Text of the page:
Zero-day exploit targets IE; some researchers advise switching browsers
A new zero-day exploit, found on the same server that hosted the recent zero-day for Java, could give attackers user privileges. With no patch yet available, some researchers recommend dumping IE for the time being.
Some security experts are urging individual and enterprise users running Internet Explorer to switch to another browser for now, in the face of a new zero-day exploit affecting IE.
Security researcher and blogger Eric Romang discovered a new zero-day exploit over the weekend that targets multiple versions of IE, which runs on about 40 percent of the computers in North America.
Microsoft, in an advisory, said the vulnerability affects Internet Explorer 6, 7, 8 and 9 (but not IE 10) running on just about any Windows operating system. But the company noted that on Windows Server 2003, 2008 and 2008 R2, the browser runs in a restricted configuration that mitigates the vulnerability.
Not surprisingly, Microsoft does not recommend switching from IE. It recommends installing the Enhanced Mitigation Experience Toolkit, a limited support utility that helps prevent exploitation of vulnerabilities but which is available only in English. It also recommends setting Internet security settings to high to block ActiveX controls and Active Scripting. A full patch is expected sometime in the next week.
Meanwhile, some in the security community are recommending that users abandon the popular IE browser, at least until a fix is available.
“Internet users are strongly advised to switch to other browsers, such as Chrome or Firefox, until a security update becomes available,” recommended Metasploit, developer of the open-source penetration testing tool. “The exploit had already been used by malicious attackers in the wild before it was published.”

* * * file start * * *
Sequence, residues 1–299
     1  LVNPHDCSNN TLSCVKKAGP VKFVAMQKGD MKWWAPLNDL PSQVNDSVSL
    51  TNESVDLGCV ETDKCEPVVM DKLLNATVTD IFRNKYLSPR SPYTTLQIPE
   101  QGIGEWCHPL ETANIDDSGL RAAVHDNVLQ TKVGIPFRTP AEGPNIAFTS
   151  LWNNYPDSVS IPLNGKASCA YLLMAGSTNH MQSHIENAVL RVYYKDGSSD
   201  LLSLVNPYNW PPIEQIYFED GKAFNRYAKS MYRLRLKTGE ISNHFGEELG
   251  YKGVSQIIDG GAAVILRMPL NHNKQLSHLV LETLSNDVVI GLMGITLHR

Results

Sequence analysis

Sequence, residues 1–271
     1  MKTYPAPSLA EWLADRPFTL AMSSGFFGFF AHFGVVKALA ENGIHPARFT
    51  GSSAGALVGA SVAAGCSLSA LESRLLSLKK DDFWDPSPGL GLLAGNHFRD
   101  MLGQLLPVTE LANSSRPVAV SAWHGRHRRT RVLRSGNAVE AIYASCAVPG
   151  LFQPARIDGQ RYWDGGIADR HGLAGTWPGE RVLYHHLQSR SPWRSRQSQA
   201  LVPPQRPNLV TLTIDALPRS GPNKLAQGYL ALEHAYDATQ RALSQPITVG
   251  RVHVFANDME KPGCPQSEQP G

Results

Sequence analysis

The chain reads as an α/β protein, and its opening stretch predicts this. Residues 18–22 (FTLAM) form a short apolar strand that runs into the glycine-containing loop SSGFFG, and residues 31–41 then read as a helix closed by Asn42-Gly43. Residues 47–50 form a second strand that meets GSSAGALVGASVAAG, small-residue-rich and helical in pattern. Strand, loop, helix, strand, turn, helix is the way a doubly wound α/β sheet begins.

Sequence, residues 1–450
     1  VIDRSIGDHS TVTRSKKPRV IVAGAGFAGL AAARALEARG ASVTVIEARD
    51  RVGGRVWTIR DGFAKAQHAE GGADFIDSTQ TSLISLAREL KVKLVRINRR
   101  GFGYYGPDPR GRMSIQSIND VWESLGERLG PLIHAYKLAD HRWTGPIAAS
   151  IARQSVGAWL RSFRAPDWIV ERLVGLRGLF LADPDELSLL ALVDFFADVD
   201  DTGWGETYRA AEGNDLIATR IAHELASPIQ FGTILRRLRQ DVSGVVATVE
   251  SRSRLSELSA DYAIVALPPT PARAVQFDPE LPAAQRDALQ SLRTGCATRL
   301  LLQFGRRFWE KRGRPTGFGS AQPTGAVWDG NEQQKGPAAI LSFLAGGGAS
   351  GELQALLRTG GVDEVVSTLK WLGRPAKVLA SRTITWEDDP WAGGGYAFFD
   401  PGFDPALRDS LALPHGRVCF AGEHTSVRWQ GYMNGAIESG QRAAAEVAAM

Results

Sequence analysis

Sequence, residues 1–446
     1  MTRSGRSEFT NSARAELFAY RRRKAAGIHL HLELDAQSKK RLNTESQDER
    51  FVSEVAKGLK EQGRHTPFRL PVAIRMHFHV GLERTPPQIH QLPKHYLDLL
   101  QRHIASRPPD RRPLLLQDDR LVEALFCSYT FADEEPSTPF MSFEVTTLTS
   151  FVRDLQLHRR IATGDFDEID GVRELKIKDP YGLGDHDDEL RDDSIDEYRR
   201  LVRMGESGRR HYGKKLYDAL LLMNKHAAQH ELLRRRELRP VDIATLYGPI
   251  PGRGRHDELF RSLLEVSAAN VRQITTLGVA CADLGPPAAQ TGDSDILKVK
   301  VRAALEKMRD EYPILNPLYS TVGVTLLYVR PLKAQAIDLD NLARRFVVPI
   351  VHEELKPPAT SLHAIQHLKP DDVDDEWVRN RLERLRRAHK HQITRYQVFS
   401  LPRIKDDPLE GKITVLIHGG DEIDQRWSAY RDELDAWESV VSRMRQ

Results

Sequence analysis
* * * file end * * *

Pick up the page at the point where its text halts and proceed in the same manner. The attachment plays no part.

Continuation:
The exploit can download the code to a vulnerable computer visiting a malicious Web site.
The news comes just weeks after a zero-day exploit for Java 7 hosted on the same server raised the question of whether the risks of running Java outweighed the benefits. Oracle addressed that vulnerability with an unusual out-of-cycle patch, but the popularity of Java with hackers and its ubiquity in browsers had many in the security community recommending that it be at least turned off in the browser, if not removed from computers.
The Java flaw was being exploited by a hacker group apparently based in China, which Symantec had dubbed the Nitro gang, that in 2011 had attacked systems in the chemical industry and some defense contractors, researchers said. Romang said the IE exploits were possibly from the same group.
So is it time to get rid of Internet Explorer? There are those who have long advocated for other, supposedly more secure, browsers who undoubtedly will say yes. Microsoft still has a commanding market share, with IE 9 claiming a quarter of the North American market as of August, and IE 8 about another 14 percent. But Chrome has a strong 21 percent and Firefox comes in with about 14 percent, according to StatCounter global stats.
As long as Microsoft continues to lead the browser market, IE is likely to be a popular target for attackers. For the short term, dropping IE might make sense for you, as long as it isn’t more trouble to replace browsers in your enterprise than it is to patch them. But you never know for sure just how secure a commercial product is until it has been subjected to a trial by fire, and if other browsers replace IE, they are likely to feel the heat.